We have focused on the various best practices of Recruitment across the globe. The inspiration for this research comes from Edwin Land – American Scientist who invented the Polaroid. Edwin Land believed that whatever you are going to invent already exists in scientific papers and university dissertations and in the minds of practicing professionals. Edwin Land famously invented the Polaroid by observing the urine samples of sick dogs treated with Quinine for parasites. The microscopic crystals turned out to be the highest quality polarizers of light. This fact was documented in a New York Public Library. Land pored through every article on Optics and landed with this crown jewel. Here we have attempted to summarize what we think as best practices in recruiters and field professionals’ minds.
Here is our effort to summarize studies and interviews.
- Employer Brands is not uniform across all locations. Messaging is absolutely important. Unless you are the top few new-age tech companies, many companies do not have uniform branding power across locations. For example, even a world-known beverage player in Atlanta may not have enough power to compete in certain software areas in Seattle or Portland. There are many reasons why this is the case. Even in this era of Digital boundaries, Geographical presence still has an impact.
- Build Digital Communities: The best way to manage this challenge is to build Digital Communities. These are done through Twitter and Linkedin. Our research shows that Recruiters who have a community who share general tips such as how best to face a challenging interview have more traction. As many of you will know, what one gives should be exponentially higher in a digital community than what one takes. It may be helpful to give some help to recruiters around what can be shared (rather than leaving it to the Recruiter)
- A big data approach to Comp and Ben benchmark needs to be done carefully, taking inputs from local SME or local market intelligence sources. Despite all that, once you start hiring, it should be recalibrated as most Job descriptions are a combination. Various skills and benchmark reports are based on broad roles such as ‘senior engineer’ or specific skills, e.g., ‘Java.’ As recruiters learn, the targets must be revised dynamically. To a certain extent, survey houses are at a disadvantage, so you have to take a Big data approach to Comp and Ben. (a command center approach is very much required)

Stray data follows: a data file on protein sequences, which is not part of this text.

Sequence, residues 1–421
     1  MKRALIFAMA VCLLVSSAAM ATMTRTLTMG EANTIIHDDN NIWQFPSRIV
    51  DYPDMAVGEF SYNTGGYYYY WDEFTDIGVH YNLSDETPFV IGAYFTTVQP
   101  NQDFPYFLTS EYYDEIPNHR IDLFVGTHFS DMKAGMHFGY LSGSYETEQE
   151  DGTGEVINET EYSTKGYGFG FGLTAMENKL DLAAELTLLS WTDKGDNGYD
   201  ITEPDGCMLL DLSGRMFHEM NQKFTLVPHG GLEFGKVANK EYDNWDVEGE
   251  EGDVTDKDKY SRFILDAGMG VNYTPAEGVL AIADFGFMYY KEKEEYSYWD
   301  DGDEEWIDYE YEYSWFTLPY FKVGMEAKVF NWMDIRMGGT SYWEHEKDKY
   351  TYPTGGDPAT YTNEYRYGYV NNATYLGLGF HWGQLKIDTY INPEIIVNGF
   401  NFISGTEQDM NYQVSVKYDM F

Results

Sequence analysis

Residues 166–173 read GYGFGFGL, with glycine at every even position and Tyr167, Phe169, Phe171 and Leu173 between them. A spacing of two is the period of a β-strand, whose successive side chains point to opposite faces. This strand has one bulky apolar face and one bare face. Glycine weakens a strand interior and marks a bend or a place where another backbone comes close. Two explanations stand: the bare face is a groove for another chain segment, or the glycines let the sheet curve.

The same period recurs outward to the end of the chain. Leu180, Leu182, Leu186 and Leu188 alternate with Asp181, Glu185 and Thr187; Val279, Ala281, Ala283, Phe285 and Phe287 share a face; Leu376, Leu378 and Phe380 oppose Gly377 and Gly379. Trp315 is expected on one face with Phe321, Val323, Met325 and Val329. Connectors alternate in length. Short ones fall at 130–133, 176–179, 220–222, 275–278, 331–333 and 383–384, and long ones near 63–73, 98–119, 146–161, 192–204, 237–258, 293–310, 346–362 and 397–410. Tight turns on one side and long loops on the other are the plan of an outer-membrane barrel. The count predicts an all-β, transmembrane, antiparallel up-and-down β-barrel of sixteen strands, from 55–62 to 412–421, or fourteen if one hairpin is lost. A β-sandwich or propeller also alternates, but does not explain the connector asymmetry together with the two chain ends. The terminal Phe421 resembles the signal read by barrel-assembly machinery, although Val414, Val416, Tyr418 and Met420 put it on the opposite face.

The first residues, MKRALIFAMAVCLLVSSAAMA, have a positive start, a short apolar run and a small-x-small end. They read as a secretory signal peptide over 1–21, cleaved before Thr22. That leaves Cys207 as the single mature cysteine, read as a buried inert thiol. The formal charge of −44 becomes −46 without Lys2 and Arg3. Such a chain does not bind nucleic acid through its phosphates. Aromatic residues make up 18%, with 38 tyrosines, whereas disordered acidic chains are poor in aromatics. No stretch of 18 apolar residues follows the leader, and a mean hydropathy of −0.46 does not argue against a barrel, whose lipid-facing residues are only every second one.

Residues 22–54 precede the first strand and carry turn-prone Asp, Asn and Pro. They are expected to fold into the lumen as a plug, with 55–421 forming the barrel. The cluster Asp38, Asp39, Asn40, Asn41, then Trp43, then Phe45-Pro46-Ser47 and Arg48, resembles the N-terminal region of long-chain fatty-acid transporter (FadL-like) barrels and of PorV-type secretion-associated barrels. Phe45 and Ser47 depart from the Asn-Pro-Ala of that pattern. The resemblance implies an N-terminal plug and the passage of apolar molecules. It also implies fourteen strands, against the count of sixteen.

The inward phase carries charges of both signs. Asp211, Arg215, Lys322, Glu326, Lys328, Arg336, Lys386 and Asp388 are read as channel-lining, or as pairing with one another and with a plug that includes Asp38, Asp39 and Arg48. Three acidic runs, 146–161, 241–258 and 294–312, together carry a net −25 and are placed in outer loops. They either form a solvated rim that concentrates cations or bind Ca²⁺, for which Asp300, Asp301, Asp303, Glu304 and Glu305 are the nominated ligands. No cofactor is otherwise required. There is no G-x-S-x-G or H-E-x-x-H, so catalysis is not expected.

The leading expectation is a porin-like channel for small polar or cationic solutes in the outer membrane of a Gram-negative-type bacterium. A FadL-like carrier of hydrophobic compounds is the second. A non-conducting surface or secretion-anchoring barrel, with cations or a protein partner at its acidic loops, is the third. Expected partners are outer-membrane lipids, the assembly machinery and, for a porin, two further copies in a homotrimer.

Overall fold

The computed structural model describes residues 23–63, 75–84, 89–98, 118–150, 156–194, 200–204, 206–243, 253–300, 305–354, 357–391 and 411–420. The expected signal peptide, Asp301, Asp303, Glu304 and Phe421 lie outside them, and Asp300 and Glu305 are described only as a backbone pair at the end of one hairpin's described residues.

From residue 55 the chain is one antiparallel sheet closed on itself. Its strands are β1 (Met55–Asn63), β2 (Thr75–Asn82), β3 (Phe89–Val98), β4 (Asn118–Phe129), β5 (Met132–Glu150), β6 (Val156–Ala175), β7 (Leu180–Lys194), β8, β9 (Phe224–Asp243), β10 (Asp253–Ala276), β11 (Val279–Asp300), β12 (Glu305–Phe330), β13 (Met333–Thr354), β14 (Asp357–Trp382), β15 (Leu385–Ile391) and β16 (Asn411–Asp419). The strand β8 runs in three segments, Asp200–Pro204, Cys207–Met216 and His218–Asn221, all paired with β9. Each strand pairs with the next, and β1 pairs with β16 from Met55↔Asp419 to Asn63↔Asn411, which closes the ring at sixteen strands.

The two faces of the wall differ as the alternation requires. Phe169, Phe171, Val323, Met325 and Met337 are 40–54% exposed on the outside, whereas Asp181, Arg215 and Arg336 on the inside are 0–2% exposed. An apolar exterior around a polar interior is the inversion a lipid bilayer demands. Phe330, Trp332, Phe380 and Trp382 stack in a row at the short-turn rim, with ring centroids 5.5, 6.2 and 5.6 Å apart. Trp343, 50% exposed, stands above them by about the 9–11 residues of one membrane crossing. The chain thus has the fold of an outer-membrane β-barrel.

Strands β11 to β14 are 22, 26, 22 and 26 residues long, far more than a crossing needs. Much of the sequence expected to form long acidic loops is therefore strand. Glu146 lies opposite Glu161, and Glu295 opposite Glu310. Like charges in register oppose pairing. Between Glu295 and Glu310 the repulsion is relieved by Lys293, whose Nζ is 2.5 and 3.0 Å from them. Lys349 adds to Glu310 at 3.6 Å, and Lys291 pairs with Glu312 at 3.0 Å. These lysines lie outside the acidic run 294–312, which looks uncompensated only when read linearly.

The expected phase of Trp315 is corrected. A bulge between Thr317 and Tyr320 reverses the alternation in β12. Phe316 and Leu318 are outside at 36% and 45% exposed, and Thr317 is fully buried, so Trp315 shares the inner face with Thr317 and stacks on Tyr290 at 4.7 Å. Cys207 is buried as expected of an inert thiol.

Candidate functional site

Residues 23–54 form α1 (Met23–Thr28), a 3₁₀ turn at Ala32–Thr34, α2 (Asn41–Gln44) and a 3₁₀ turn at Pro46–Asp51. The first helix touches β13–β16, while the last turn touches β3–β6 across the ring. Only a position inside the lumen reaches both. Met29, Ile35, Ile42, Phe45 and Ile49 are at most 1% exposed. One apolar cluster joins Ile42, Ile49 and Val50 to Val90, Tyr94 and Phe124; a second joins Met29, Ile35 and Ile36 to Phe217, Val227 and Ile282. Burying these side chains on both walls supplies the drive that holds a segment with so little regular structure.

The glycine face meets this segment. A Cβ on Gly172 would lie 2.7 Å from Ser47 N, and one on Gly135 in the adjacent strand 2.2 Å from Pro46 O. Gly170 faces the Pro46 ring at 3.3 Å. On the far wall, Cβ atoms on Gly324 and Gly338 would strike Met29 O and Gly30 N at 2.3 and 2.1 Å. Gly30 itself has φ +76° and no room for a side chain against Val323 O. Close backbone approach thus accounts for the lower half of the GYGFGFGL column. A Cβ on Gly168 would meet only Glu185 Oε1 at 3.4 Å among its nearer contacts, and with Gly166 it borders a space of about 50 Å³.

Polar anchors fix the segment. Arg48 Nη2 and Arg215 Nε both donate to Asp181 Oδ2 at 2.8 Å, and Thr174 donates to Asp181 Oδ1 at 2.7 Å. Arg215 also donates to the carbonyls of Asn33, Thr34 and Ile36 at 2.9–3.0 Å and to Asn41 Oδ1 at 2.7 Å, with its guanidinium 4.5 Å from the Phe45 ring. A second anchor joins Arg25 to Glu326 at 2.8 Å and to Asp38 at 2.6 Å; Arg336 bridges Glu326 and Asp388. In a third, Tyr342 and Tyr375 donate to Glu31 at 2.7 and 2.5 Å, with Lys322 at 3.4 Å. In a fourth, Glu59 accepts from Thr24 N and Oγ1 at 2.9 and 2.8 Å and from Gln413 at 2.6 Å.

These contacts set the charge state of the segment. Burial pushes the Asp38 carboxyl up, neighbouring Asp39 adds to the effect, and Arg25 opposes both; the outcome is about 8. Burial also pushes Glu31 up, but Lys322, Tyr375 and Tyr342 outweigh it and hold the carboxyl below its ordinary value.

- The assessment criterion and process need to be transparent and standardized as much as possible for Recruitment to run like an oiled machine. In our research on a job role like Full Stack Developer with five recruiters, 3 of them did not know what makes Full Stack developer best in class!. A lot of our research is aimed at solving this constraint. But this is easier said than done. Concentrated efforts should be devoted to this. (we are thinking about power-packed 5-minute video series to help Recruiters)
- Somebody needs to own hiring! Companies have silos (esp. big ones). Branding and communication makes branding material without consulting the TA team or hiring managers on the kind of talent they want; TA team waits on comp and ben team to send them comp ranges, which sometimes don’t have inputs from hiring managers or leaders on vision or criticality of the team to work and hence not adequate to hire top talent. These teams need to coordinate, and someone (most preferably someone from TA) needs to fill the gaps and program manage
- Hiring managers/engineering teams should be made equally responsible as the TA team to hire top talent. The Engineering team is super busy and does not have enough to hire. But if they do not, they will stay super busy. So it is an interesting conundrum. Hiring has to be a leadership priority
- Talent pyramids should be built by hiring managers or leaders in consultation with the TA team. In general, levels are not well understood in Digital Roles. Microsoft, for example, progressive, lowered the experience requirements of whom they call Principal Engineers. Many companies have an outdated view of who is a senior resource. Once again, a very vast topic that I will be writing in detail about in subsequent weeks
- Know your internal champions: In one interview with a large industrial company, I requested the Recruiter to name the top engineer in their company and why they believe they are the best. Surprisingly, the Recruiter good did not answer that. Internal talent is the best marketing weapon for Recruiters. Lunch and Learn with your own best of the best. Bring these stories into Recruitment for better results
- The offer roll-out process is vital. If a person in a leadership position or senior position in the engineering team rolls out the offer, there is a higher chance of acceptance
- Handle Rejected Candidates with care: Quite likely; the rejected candidates will become a match for other roles. A CRM approach of treating all candidates with care proves helpful in the long run.
- An effective process to handle Bias: Bias reduces your pipeline. There is no doubt that this needs to be removed, but the question is how. We are still researching this, and we will write a dedicated email on this topic